Jeannie Mackler of Lenox Place spoke at length, saying, "We have lived here since 1965. Mrs. Tracy and Mrs. Murray also here have lived on Lenox Place since the late 1950's.... Many misstatements have been made to the ZBA over the months that I would like to clarify. When Mr. and Mrs. Scobey at 9 Lenox place approached us to de-map the stub of land between Farragut Road and Lenox Place in its entirety in 1965 they agreed that they would give up the development rights of lot 217. They approached us and there was an agreement between the Village of Scarsdale, the Scobeys and the neighbors. As a result they got a tax abatement. The Scobeys received a 50% reduction of the assessment of the property for tax purposes. On the Lenox Place end the Village put up a wooden barrier to show that it was not a through street. Later the Village added a "Dead End" sign to the Lenox Place street sign.
For a couple of years Friends of the Scarsdale Parks included the lot on a map of pocket parks ... We regret that for the purpose of convenience the Public Works department paved the end of Farragut. We never knew this would become contentious.... We have rules of law. We are proud of abiding by the codes and regulations. Everyday people walk and children are wheeled in carriages and children going to Heathcote school through here. There are many children going to the Westchester Reform Temple nursery school. Since when does the Village give away land that is publicly owned for the benefit of the owner who bought the property knowing the restrictions? Granting an easement would be tantamount to allowng the Soldatenko's a "flag lot" which has been made illegal by Scarsdale code since 1988. Today we presented the Board with a petition signed by 50 residents asking the Board not to grant the request for an easement on this property."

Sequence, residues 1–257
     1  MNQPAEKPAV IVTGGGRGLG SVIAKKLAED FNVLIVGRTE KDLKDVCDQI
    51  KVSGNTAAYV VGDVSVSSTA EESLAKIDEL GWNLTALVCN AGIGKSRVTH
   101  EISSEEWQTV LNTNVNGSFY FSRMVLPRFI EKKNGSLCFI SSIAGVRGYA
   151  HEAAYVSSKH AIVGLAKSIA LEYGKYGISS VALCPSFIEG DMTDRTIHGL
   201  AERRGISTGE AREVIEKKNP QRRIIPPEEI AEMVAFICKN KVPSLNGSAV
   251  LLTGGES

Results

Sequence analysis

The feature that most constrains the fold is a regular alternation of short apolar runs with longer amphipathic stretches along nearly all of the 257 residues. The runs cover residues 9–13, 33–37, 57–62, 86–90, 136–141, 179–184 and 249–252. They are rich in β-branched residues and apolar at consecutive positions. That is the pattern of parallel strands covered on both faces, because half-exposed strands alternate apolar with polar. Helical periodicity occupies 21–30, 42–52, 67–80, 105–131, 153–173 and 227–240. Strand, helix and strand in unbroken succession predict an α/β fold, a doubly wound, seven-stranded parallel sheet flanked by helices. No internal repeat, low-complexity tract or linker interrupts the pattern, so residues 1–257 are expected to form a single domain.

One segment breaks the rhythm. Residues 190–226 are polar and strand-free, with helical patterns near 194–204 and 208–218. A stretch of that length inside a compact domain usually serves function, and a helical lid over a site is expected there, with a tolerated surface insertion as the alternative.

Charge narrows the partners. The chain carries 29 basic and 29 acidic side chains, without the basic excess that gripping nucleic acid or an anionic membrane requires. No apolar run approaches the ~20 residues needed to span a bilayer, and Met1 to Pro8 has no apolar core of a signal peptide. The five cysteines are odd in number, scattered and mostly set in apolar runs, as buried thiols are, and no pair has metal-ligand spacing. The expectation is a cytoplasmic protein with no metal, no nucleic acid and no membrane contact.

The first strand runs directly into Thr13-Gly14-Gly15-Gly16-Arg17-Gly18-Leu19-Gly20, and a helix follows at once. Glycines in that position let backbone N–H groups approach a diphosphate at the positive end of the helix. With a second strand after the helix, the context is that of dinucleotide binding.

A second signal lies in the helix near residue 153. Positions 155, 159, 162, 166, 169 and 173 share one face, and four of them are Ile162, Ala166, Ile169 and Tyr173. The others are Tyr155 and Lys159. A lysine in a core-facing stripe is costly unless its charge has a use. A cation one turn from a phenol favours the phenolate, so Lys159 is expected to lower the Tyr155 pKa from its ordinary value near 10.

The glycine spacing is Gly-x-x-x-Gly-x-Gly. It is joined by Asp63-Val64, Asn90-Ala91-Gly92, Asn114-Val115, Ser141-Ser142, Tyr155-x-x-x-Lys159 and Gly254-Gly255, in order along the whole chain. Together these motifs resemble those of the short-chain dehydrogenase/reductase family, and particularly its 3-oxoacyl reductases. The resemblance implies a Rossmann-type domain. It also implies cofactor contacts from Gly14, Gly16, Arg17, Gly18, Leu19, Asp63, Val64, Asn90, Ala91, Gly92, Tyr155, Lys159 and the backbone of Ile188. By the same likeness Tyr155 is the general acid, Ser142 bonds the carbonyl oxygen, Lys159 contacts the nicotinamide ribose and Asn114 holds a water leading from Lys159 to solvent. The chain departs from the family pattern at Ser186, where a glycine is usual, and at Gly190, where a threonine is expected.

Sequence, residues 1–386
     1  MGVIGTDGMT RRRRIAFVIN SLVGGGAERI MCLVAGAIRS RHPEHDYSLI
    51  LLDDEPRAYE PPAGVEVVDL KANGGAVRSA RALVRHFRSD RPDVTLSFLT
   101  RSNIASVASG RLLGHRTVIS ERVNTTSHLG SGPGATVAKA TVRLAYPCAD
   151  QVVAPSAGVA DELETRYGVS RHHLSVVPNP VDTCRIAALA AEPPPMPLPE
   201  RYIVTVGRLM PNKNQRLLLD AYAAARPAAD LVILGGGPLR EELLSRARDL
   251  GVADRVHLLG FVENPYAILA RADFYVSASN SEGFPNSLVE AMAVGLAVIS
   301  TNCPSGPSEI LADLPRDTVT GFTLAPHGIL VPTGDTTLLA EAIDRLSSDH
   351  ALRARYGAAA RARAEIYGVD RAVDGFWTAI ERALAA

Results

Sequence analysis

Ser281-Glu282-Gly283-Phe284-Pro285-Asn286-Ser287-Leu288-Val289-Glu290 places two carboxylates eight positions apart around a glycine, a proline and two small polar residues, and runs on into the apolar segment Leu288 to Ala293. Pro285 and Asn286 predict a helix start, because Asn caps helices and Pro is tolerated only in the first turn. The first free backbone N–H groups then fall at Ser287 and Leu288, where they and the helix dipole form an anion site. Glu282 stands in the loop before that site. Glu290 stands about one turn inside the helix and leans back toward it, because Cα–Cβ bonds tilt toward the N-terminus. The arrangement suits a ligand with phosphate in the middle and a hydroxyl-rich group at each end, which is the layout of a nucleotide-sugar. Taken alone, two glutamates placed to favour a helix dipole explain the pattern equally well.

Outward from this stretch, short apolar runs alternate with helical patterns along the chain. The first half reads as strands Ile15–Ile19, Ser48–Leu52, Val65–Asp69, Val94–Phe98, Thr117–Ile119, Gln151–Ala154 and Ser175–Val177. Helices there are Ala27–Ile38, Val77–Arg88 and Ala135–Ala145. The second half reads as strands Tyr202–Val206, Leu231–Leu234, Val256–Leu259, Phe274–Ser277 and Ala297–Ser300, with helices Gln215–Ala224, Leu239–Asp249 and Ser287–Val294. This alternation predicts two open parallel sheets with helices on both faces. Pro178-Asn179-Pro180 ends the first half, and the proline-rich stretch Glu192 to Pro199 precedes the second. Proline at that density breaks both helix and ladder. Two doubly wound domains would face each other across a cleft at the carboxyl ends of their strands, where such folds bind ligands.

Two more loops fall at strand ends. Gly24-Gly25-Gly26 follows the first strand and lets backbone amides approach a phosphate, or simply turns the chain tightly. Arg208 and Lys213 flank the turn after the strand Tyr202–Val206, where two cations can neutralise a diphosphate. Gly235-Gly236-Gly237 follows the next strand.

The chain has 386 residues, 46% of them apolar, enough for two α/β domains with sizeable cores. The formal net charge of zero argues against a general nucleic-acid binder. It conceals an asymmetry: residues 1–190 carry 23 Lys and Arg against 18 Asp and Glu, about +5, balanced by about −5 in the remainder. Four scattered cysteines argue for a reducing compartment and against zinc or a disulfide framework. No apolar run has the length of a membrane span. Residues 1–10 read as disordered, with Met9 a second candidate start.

Stuart Schwam of 19 Lenox Place said, "There was no change (to explain the ZBA's change of decision). The Board was not asked if we would defer. They don't take no for an answer. One suit after another. We had that nailed down and then the change came and they let that go. Perhaps the ZBA should be reversed."
Polidoro then responded saying, "Mrs. Mackler proved my point that this is used as a public right of way. They can still do that. We won't impact the trail in any way . This is a vacant piece of privately owned land. Our client pays taxes. This is not a public park. The fifth amendment prevents the Village from taking it without paying for it. This agreement has taken on mythical proportions since 1966. The document speaks for itself. It restricts development as to this portion of the lot. It was recorded. Lets not take into consideration the musings of the neighborhood. They can still have a block party-only one more party to invite. My clients purchased the lot thinking that they can develop the lot one day."
Bernard Mackler said, "I am the only person here who signed the 1966 covenant. Mr. Soldatenko said the covenant would not be an issue. The Scobeys were compensated. I understood that a second house could not be built."
Stacey Rifkin of Tyler Road said, "Our kids play on the de-mapped area that was paved (for the convenience of the public works trucks.) I have an 8 and a 9 year old that play there with other kids all of the time. There can be 10 children playing together there. They run to the Temple and to Heathcote School."
Carole Koshakow from 26 Farragut Road said, "We moved in in 1998 and they said it was a dead end and would always be one. It was a forest. You couldn't see through to the other street ..... And what happened at 1 Palmer makes us think that the town does not give a hoot about aesthetics, space, or propriety. There is an atmosphere of fear that development takes priority over aesthetics. It tears at my soul. "
Following public comments Committee Chairman Jon Mark made a motion to go back into executive session and the trustees emerged 15 minutes later. He asked for a vote and Trustees Eisenman and Stern voted "no" followed by a motion to adjourn. The Trustees left without granting or denying the request for an easement, leaving everyone in the room puzzled by the outcome.
We called Scarsdale Village Hall the following morning to understand the proceedings and were told that the committee decided not to make a recommendation to the full Scarsdale Board of Trustees, tabling the item instead. What's the result? Since no easement was granted, access is effectively denied and no house can be built for now.